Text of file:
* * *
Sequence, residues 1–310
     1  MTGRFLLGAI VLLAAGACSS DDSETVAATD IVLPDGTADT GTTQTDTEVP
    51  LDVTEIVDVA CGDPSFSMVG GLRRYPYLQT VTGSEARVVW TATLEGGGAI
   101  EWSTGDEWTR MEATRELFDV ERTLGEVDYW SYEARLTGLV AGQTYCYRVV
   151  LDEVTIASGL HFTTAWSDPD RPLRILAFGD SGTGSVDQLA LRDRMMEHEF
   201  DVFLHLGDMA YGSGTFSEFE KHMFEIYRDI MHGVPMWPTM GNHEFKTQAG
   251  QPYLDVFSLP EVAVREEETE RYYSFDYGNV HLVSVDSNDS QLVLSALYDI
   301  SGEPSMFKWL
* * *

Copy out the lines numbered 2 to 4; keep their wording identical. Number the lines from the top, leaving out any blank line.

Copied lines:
     1  MTGRFLLGAI VLLAAGACSS DDSETVAATD IVLPDGTADT GTTQTDTEVP
    51  LDVTEIVDVA CGDPSFSMVG GLRRYPYLQT VTGSEARVVW TATLEGGGAI
   101  EWSTGDEWTR MEATRELFDV ERTLGEVDYW SYEARLTGLV AGQTYCYRVV